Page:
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Tropically Yours

This isn't a post about palm trees, parrots, or torrential rains, but it could easily involve those things. It isn't about The Tropics but trope-ics, that is to say one of the most basic ways of using language, as well as one of the oldest, least understood, and ill-used these days.


There are many ways to carve up language, but I'm thinking of one of the most basic, namely denotation vs. connotation, or literal vs. figurative uses. The former is the most straightforward and widely used. It's the domain of facts and is employed by scientists, historians, journalists, and accountants. There's a roughly one-to-one correspondence between what is said and what is meant. It's thrives where clarity is the thing. 


Connotation is the opposite: obfuscation is its MO. Loath to express a thing straight, it leads one on a wild goose chase for meaning, for a reason. Figures of speech are its method––in a word, tropes. Linguists have identified over 250 tropes; last I heard there were 256. There are books that lay them all out, and many tropes are functionally extinct, gone the way of the dinosaurs, encountered only in works of ancient lit.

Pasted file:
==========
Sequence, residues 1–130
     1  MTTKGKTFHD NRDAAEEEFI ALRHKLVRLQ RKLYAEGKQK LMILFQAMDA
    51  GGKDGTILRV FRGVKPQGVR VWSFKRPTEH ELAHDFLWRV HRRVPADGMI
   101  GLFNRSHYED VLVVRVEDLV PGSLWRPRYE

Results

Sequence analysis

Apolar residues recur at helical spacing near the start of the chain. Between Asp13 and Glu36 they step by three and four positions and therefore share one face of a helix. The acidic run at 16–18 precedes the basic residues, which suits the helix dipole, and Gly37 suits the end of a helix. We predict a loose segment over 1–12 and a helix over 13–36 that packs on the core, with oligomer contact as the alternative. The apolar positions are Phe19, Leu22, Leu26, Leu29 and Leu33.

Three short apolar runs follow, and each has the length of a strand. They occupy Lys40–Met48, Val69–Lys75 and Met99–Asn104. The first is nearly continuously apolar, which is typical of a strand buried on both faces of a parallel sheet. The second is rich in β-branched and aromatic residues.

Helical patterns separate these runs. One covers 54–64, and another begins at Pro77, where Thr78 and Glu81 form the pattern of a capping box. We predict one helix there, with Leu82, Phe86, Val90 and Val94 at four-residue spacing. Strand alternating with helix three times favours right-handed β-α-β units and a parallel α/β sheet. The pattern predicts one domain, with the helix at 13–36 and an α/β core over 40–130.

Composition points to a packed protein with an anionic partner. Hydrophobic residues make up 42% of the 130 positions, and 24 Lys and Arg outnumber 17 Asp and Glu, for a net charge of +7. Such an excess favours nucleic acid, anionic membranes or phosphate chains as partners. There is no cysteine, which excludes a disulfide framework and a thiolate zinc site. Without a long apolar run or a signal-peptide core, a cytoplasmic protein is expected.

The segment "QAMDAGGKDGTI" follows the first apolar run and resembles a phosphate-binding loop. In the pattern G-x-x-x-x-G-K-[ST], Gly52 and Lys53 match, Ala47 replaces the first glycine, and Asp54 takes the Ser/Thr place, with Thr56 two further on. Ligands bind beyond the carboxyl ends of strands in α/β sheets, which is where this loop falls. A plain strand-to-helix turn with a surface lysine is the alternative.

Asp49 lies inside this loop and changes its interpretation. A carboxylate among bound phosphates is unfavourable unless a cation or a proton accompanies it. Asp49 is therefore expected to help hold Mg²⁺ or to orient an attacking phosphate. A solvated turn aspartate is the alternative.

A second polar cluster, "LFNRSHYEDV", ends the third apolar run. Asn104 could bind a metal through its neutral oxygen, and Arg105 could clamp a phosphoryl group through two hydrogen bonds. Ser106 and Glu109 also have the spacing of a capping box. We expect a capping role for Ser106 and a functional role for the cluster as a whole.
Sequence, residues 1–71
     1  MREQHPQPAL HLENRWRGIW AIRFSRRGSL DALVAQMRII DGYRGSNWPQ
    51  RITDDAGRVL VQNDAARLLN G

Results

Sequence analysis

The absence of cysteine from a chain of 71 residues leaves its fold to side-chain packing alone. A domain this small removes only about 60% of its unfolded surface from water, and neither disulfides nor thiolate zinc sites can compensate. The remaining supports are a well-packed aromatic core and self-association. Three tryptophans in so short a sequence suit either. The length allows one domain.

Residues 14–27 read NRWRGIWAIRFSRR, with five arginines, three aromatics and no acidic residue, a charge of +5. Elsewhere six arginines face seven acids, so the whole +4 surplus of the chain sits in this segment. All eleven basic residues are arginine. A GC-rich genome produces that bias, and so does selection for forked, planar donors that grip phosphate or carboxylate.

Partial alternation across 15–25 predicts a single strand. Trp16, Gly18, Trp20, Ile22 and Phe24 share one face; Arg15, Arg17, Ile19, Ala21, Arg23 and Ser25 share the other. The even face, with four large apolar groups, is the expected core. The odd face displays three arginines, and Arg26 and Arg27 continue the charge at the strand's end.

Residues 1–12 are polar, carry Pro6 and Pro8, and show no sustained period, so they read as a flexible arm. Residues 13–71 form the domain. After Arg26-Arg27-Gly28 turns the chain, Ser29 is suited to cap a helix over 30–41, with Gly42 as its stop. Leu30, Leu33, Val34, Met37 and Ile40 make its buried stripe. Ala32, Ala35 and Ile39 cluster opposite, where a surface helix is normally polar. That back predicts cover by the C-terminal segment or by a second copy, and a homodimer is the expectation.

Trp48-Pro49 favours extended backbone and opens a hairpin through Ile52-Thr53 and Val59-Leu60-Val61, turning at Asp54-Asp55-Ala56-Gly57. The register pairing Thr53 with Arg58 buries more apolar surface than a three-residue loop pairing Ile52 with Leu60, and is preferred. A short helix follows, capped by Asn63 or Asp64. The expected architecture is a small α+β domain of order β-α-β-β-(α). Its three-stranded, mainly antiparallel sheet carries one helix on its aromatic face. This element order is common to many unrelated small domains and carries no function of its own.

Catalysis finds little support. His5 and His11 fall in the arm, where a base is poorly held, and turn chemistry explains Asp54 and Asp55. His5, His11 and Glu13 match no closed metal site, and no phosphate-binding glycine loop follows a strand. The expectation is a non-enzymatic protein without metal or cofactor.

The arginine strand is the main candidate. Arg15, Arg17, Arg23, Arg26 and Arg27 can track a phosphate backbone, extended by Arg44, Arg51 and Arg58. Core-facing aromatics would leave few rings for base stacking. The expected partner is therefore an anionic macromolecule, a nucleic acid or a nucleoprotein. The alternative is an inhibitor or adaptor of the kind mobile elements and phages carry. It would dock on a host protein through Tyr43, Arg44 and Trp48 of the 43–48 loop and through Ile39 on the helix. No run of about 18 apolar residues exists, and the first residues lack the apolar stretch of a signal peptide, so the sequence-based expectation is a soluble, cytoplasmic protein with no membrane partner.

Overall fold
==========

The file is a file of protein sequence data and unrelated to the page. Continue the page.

Of the 256 tropes only a handful are used in daily life, the most common of which are metaphor and its companion, simile, as well as personification, another type of metaphor, and metonymy. A metaphor is a comparison of two unlike things, and a metonymy is a substitution of one thing for another. The difference can be found in the lines "She roared her approval" and "The pen is mightier than the sword," respectively.


Among tropes not everything is equal. There are easy, hackneyed, "lazy" uses of them and ones that are creative, complex, fresh, and mind-blowing. Ovid has fun illustrating the difference in the Metamorphoses when his troll-like antihero, Polyphemous, tries wooing Galatea. He calls her "snowy white," "smoother than a seashell," "more pleasing than shade," "swifter than the deer," "sweeter than ripe grapes," "softer than swans' down"––you get the idea. He even likens her to "an untamed heifer"––that'll win her affection for sure (XIII, ll. 1144-1160*). It's clear he grabs the first thing that comes to mind and doesn't give it much thought, which we might expect given he's a one-eyed character, with single vision. (Contrast that with Flaubert famously spending several hours searching for "le mot juste.")


In fact Ovid gives us a lesson in the lesser and more effective uses of tropes in the work. As an example of the latter he narrates a weaving competition between Arachne, a craftswoman "of plebeian origin" whose skill is so renown she draws the attentions––and jealousy––of Athena, the patron of weavers. Arachne has the pluck to challenge the deity to a weaving duel, and unfortunately she, Arachne, wins, incurring Athena's wrath; she turns Arachne into a spider. Ovid writes, "Then, as the goddess turned to go, she sprinkled/Arachne with the juice of Hecate's herb,/and . . . she lost her hair, then lost her nose and ears;/. . . now she was very small,/but what remained of her turned into a belly,/from which she now continually spins/a thread, and as a spider, carries on the art of weaving as she used to" (VI, ll. 198-208).